See that room? See the Hong Kong sky-line?

Just want to point out that the image on that page rotates through several different images. If you don't see the Hong Kong sky-line, reload. Though quite a few images in the set make the point just as well.

Re:Having a little experience here (1)

MasterOfGoingFaster (922862) | more than 2 years ago | (#38230370)

>> "Conjecture: People who have the money to buy "commercial real-estate and mult-unit dwellings" aren't stupid enough to be swayed by a bit of retouching of pictures"

If only that were true...

some questions (3, Interesting)

wierd_w (1375923) | more than 2 years ago | (#38228798)

Ok,

So what happens if your "I don't want to be called a 'shopper" types simply print out their digital modifications on paper, then scan it again?

That would introduce inkjet pattern/toner dither pattern, and balance the colors in the image.

Would that defeat the genuine check?

If not, how would it react to a scan or photograph of a painting, or line drawing?

Re:some questions (0)

Anonymous Coward | more than 2 years ago | (#38229350)

with realtime rendering, wouldn't it be simpler to create the 3D object, insert it in the picture, and you have a 100% original instead?

Photoshop is nice and well, you have extremely talented people with the knowledge and experience to make impossible to detect frauds. Try blender 3d a little, it has all the pertinent features and you'll see just how much technology has evolved in the last decade, while photoshop is basically the same.

I got disappointed in the fairer sex... (4, Funny)

bogaboga (793279) | more than 2 years ago | (#38228902)

I must admit I grew up in an environment where I was not that exposed to media, be it TV or magazines.

But once a magazine came my way, my thoughts wondered as to what the beauties in the magazines ate! They looked so beautiful...with no "flaws", (for lack of a better word).

In adulthood, I left my community for the big city, hoping to get a good job and to also see the "beauties" on the streets. I must say I was, and still continue to be disappointed. In the decades I have been in the big city, I have not met a single beauty once! Never!

The ones I see on TV and in the magazines are all "fake!" Needless to say, I returned to my old small town, found a real woman and have never regretted it. I have also asked her to show me one beauty if she comes across one if we're together. It's never happened.

Sadly, the practice of photoshopping is damaging our daughters' and sons' self esteem, with eating disorders that have only gotten worse. Sad, sad indeed.

Re:I got disappointed in the fairer sex... (0)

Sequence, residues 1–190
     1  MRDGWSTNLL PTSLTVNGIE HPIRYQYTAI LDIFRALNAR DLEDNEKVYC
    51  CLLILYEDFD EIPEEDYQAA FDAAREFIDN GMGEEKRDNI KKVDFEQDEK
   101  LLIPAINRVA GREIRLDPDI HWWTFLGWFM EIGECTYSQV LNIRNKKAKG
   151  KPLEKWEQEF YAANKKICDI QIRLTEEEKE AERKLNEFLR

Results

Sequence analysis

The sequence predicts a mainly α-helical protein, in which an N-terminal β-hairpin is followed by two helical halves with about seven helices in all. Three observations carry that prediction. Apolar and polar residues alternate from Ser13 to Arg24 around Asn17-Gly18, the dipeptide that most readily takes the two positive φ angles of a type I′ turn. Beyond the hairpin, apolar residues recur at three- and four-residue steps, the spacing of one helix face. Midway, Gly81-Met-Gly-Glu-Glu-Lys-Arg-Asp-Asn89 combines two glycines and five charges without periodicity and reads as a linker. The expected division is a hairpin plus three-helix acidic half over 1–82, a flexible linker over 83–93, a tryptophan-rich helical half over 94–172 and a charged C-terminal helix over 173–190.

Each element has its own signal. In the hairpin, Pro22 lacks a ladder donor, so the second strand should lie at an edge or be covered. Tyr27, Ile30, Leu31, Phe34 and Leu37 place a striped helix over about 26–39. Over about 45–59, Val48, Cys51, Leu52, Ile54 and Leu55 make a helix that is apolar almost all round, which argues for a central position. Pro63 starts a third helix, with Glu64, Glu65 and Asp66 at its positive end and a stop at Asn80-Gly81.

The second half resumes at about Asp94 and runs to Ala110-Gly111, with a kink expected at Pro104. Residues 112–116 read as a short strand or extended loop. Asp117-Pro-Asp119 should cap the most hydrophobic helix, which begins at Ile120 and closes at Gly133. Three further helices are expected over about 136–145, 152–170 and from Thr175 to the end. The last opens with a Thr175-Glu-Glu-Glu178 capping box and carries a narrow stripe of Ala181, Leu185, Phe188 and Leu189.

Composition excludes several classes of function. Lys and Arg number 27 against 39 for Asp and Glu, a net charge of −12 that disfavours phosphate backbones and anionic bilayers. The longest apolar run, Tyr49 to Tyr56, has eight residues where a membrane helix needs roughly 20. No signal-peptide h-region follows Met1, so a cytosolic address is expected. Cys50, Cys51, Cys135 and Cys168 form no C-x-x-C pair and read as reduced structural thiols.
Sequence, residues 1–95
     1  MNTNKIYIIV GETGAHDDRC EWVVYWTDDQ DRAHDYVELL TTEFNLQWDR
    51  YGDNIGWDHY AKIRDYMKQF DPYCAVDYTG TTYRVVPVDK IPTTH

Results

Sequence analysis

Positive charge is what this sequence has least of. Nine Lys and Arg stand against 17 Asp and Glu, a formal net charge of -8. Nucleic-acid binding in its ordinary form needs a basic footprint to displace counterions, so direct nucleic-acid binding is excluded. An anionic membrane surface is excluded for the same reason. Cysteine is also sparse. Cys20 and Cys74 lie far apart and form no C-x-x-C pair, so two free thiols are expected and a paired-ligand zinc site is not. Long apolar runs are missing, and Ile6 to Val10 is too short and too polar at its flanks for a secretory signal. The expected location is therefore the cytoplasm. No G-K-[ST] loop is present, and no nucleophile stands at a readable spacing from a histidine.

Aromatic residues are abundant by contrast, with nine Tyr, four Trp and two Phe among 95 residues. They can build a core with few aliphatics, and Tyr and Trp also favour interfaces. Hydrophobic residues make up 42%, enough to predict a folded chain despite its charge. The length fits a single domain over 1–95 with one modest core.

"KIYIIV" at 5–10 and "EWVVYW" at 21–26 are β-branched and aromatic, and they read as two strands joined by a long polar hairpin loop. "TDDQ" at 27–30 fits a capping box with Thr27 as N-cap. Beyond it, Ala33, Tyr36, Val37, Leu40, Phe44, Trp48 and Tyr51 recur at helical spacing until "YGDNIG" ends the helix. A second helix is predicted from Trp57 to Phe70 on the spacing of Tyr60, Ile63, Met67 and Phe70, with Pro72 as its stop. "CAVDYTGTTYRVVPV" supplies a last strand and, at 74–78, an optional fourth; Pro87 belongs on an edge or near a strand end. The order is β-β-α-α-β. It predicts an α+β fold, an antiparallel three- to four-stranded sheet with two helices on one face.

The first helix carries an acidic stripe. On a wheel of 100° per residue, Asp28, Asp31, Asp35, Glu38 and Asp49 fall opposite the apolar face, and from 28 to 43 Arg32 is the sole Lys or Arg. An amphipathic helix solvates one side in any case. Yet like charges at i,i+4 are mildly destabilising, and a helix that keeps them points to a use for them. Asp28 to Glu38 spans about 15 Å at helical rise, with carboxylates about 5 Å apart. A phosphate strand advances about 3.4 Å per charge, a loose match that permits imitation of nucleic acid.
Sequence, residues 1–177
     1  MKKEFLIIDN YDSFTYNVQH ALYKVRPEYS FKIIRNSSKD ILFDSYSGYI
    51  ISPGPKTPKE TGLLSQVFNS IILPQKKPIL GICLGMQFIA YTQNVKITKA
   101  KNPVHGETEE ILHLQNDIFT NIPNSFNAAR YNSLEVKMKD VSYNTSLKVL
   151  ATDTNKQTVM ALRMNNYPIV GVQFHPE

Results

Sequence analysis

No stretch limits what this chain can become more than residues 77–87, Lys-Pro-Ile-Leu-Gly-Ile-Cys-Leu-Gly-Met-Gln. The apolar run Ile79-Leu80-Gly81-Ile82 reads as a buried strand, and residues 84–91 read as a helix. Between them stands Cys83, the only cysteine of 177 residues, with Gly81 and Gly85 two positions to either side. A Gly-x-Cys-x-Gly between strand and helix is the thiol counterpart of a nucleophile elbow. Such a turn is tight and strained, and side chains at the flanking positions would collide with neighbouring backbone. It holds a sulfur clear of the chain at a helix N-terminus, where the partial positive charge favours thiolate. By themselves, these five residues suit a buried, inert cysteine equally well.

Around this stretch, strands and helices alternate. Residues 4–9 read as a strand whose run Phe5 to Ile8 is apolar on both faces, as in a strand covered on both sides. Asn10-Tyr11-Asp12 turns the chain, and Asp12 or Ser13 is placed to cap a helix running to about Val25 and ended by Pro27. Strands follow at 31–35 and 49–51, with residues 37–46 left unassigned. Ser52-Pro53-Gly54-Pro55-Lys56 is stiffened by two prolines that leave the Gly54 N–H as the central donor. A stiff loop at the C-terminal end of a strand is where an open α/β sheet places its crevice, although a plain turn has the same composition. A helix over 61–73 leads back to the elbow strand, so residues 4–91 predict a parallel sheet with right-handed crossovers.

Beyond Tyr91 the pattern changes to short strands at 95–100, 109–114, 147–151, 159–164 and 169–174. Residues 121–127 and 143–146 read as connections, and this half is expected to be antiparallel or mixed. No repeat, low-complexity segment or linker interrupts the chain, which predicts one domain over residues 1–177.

Anonymous Coward | more than 2 years ago | (#38229218)

That's why you need my new "Photoshop On the Fly" glasses (patent pending). The apply several techniques to beautify and enlarge where needed as you look at the opposite sex. Order yours today.

Re:I got disappointed in the fairer sex... (5, Funny)

GuB-42 (2483988) | more than 2 years ago | (#38229428)

I already exists, it is called "alcohol".

Re:I got disappointed in the fairer sex... (1)

molesdad (1003858) | more than 2 years ago | (#38229548)

Better yet I can offer you the "Photoshop on the Fly" in a glass, available in any bar. The more you have, the better the ladies look, commonly known as "Beer Goggles". It's a must for all you wing men out there.

Re:I got disappointed in the fairer sex... (1)

DSS11Q13 (1853164) | more than 2 years ago | (#38229328)

$20 says this poster is a woman

Re:I got disappointed in the fairer sex... (1)

Oswald McWeany (2428506) | more than 2 years ago | (#38229846)

You must live in America!

/ kidding --- shame that is necessary

Celebrity culture... (4, Insightful)

MaWeiTao (908546) | more than 2 years ago | (#38229038)

It's certainly interesting, but also pointless. I mean, if you don't know that anything out of Hollywood is heavily retouched then you're embarrassingly naive. And even before photos are loaded up in Photoshop the celebrity has already been loaded up with a pound of makeup, sat under carefully positioned lights and been photographed by a professional. That's why those sexiest people lists are so stupid. Almost anyone subjected to that amount of effort will look great.

It's like those stupid articles where some celebrities fitness "secrets" are revealed. I'll tell you what their secrets entail: enjoy an immense amount of leisure time, make it your job to look good and pay a fitness trainer six figures to accomplish that.

American society is more influenced by the entertainment industry than any other culture on Earth.

Re:Celebrity culture... (1)

Anonymous Coward | more than 2 years ago | (#38229880)

It's not really as pointless as you'd think. This kind of thing comes up as an ethical question in photojournalism all the time. For instance, remember the Michele Bachman "death stare" photo on the cover of Newsweek a few months back? Bachman and her campaign insisted the image was altered to make her look evil, Newsweek denied it. The image was no doubt retouched, but it was hard to tell by how much without the source image.